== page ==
13 3. Policy objectives and the intended effects The policy objective and intended effect of the Tenant Fees Bill is to deliver a fairer, more competitive, and more transparent lettings market where tenants have greater clarity and control over what they will pay and where the landlord is the primary customer of the letting agent, and to improve fairness and affordability at the outset by capping tenant deposits at 6 weeks rent. The pre-requisite for effective and competitive markets is for consumers to have the ability to shop around for a supplier that provides the quality of service they are seeking at a price they are willing to pay. Under the ban on tenant fees, landlords will cover the costs of contracting an agent and any on-going management that they choose to procure. This will sharpen and increase letting agents incentives to compete for landlords business resulting in a more transparent market with lower overall fee levels and a higher quality of service. A ban will also reduce the risk of unfair practices in the form of over or double charging. We do not expect the full level of tenant fees that are charged currently by letting agents to be passed on to landlords since there is evidence that a number of agents are charging excessive fees and that some agents are double charging landlords and tenants. Good and innovative letting agents that provide services that represent value for money to landlords will continue to play an important role in the market and will be on a fairer footing to compete for landlords business since the opportunity for rogue agents to exploit their position as intermediary between landlords and tenants will be greatly reduced. For example, it will no longer be possible for agents to compensate an artificially low rate to landlords by increasing their fees to tenants. A ban is likely to have a negative impact on agents that are unable to adapt to a market where letting fees to tenants are banned. Such agents may currently rely on overcharging or double charging in order to maintain their profits. Or they may simply be unable to offer the quality of service needed to secure the business of landlords. However, any impact on business in terms of lost profits will equate to a direct saving to tenants and lost profits are likely to represent fees that were not a fair reflection of the service provided in the first place. With regards to tenants, the policy objective is to improve affordability at the outset of a tenancy and for tenants to see at a glance what a given property will cost them in the advertised rent level with no hidden costs. A ban will strengthen the position of the tenant in the lettings market since they will be able to compare properties and negotiate with a landlord/agent on the basis of the rental price of a property alone. The greater transparency under a ban will ensure that tenants are only committing to a property that they know that they can afford. This, in turn, may reduce incidences of tenants defaulting on rent as well as facilitating better movement into and around the private rented sector. Tenants will have greater power and flexibility to leave poor quality accommodation, which may help to drive up property standards. Moreover, more optimal housing choices and fewer affordability barriers may lead to reduced incidences of homelessness. The cap on deposits will help to ensure that the amount of deposit requested is more aligned to the landlord s financial risk and help to further assure affordability for tenants at the outset of a tenancy. Capping deposits will also help to deliver wider economic benefits as less money will be held in protection schemes and instead be available to be spent in other areas of the economy. 12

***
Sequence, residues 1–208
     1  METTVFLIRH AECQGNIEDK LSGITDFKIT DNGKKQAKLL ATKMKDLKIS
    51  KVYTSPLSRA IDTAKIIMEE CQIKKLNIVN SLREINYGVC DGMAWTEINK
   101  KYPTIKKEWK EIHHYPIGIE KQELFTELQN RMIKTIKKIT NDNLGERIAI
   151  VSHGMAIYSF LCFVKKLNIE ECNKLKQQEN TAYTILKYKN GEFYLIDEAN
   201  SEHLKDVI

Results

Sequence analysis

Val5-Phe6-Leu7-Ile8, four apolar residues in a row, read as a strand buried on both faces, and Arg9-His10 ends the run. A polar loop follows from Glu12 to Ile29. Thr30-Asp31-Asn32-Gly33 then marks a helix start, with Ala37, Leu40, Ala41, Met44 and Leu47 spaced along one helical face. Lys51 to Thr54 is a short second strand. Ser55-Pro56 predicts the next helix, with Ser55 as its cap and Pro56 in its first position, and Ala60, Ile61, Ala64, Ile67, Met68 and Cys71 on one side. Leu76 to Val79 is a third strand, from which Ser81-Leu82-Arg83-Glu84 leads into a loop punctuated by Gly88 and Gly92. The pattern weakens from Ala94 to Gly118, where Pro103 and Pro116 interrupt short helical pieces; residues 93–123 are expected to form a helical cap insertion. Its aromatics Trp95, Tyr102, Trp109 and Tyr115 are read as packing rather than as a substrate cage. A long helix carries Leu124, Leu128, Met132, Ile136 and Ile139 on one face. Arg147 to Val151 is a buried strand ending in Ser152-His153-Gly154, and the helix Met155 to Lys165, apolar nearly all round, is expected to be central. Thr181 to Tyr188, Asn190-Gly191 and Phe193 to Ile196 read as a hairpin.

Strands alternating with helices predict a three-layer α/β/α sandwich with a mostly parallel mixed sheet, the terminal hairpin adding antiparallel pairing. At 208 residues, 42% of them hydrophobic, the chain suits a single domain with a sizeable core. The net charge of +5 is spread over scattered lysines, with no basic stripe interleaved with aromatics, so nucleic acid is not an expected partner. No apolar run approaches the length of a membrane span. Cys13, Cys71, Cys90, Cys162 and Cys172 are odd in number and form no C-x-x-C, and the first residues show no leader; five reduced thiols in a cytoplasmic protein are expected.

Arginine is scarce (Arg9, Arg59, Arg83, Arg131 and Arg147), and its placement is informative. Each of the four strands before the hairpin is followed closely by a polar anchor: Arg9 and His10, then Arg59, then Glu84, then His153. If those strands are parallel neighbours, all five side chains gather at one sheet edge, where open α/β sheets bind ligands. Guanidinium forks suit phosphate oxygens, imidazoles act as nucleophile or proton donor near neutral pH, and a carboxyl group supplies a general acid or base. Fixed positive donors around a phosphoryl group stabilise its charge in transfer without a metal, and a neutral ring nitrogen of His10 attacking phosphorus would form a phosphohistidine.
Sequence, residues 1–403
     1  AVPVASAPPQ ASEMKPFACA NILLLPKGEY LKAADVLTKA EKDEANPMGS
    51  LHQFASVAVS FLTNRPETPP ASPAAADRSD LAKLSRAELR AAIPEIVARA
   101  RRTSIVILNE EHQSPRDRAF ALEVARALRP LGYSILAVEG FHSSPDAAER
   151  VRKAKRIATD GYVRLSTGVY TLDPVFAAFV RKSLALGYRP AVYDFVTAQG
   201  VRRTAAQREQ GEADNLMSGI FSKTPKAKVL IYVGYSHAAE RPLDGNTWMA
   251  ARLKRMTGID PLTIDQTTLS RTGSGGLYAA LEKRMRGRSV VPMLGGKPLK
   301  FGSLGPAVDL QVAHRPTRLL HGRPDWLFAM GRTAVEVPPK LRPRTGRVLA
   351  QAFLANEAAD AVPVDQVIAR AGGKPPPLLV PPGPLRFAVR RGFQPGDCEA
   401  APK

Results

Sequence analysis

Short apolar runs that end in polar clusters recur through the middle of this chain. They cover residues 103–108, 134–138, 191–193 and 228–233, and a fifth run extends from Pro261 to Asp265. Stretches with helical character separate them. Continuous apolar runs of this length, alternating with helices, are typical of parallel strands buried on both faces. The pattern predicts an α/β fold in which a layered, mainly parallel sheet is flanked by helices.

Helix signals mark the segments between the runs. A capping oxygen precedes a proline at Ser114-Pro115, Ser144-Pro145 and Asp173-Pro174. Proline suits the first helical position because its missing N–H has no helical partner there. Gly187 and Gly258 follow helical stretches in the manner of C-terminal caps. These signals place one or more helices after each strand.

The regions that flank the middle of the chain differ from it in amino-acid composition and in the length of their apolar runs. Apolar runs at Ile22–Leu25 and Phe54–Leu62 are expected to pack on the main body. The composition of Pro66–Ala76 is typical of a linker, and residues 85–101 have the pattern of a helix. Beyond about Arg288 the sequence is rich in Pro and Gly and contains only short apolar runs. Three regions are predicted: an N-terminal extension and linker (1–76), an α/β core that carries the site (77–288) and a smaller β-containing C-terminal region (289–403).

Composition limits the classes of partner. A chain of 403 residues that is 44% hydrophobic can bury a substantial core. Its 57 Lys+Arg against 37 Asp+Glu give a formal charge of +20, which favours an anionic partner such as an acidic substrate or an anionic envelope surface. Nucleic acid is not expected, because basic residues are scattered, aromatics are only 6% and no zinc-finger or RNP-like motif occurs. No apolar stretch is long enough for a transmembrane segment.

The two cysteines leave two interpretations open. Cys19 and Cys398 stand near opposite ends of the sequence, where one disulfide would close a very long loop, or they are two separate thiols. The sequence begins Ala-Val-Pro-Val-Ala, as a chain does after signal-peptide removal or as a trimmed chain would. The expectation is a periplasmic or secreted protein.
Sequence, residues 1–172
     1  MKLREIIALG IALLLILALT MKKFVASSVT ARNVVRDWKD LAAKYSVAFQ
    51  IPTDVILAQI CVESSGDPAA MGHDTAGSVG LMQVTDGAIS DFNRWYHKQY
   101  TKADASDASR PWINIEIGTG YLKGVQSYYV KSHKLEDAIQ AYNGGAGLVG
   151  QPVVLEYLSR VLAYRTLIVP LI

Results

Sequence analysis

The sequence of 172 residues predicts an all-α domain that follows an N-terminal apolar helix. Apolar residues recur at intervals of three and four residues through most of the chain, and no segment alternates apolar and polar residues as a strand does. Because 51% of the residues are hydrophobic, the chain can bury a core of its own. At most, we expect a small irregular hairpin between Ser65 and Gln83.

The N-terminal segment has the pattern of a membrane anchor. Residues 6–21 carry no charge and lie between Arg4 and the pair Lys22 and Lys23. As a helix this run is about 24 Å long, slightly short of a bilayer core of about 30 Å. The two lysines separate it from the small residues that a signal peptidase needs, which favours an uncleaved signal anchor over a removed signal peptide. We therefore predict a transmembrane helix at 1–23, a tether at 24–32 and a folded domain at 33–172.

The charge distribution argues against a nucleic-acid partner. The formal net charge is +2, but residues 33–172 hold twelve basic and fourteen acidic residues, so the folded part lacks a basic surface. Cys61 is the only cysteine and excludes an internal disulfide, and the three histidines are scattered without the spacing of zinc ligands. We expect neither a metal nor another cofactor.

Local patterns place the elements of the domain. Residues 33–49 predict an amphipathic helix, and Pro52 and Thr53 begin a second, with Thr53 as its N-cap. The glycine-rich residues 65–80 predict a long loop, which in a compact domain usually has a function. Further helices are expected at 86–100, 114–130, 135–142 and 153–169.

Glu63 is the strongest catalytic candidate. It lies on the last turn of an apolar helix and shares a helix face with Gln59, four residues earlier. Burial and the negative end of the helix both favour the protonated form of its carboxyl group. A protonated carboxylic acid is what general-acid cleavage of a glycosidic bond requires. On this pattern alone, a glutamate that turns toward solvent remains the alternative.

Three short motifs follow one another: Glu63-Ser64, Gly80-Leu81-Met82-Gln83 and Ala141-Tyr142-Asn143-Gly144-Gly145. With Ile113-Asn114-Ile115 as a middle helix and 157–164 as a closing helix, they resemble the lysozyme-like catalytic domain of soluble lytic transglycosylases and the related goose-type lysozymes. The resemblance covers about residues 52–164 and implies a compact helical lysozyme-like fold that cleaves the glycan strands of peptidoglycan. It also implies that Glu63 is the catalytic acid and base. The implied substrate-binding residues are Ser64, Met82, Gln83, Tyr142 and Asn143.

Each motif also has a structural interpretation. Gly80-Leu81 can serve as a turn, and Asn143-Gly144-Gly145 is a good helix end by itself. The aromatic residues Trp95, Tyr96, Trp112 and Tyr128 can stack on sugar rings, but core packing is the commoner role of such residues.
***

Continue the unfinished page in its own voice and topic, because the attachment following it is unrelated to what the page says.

14 The Bill enables agents and landlords to charge a holding deposit to a tenant to ensure that there is a financial commitment from a tenant to a given property. The holding deposit provisions will mitigate the risk of tenants speculating on a number of properties, which could result in unnecessary and costly work by agents and landlords. The holding deposit will also help to mitigate the risk of landlords cherry picking those tenants that they perceive to be most likely to pass a reference check. Similarly, enabling a landlord to charge fees related to a variation requested by the tenant or default by the tenant (such as a late payment or lost key) means that landlords will not be unfairly penalised by costs incurred owing to an action by the tenant. Landlords and agents are prohibited from requiring a tenant to pay for a third party service (except for utilities, communication services and council tax ) but the Bill does not prevent tenants from procuring their own services, for example paying for their own reference check or inventory. Some tenants may indeed choose to do so to demonstrate they are financially and legally able to meet the terms of their tenancy and give themselves a competitive edge in the market. There is thus no reason why third parties that offer a valuable service to agents, landlords and tenants would not be able to continue to market and sell these services. In summary, the intended effect of the Bill is to ensure that the party that contracts the service pays for the service, which is a key characteristic of an effective and fair market. 4. Description of options considered Ban on tenant fees Six different options to implement a ban on letting fees paid by tenants have been considered: 1. Do nothing. 2. Promote awareness of the existing transparency requirements under the Consumer Rights Act 2015 and use guidance to encourage agents not to charge tenants fees. 3. Introduce legislation to cap the level of letting fees charged to tenants. 4. Introduce primary legislation to ban letting agents from charging fees to tenants in connection with a tenancy but continue to allow third parties and landlords to charge fees to tenants. 5. Introduce primary legislation to ban all letting fees paid by tenants (i.e. those charged by agents, landlords and third parties) with no exemptions. 6. Introduce primary legislation to ban all letting fees paid by tenants in connection with a tenancy with certain exemptions (Preferred Option).. Option 1 would not achieve the stated policy objective. Option 1 would result in tenants continuing to pay fees, with the same problems stemming from informational barriers that they do not always know what the level of fees will be upfront. This will continue to distort consumer choice and the letting agents market will remain less competitive. Regarding option 2, even if awareness were increased substantially tenants would retain their weak competitive position in the lettings market due to the fact that it is the landlord who appoints the agent. Landlords and letting agents would retain an incentive to charge fees and tenants would remain powerless to prevent this. This would likely mean that supernormal profits would continue and guidance alone would be insufficient to tackle this. Regulation is therefore 13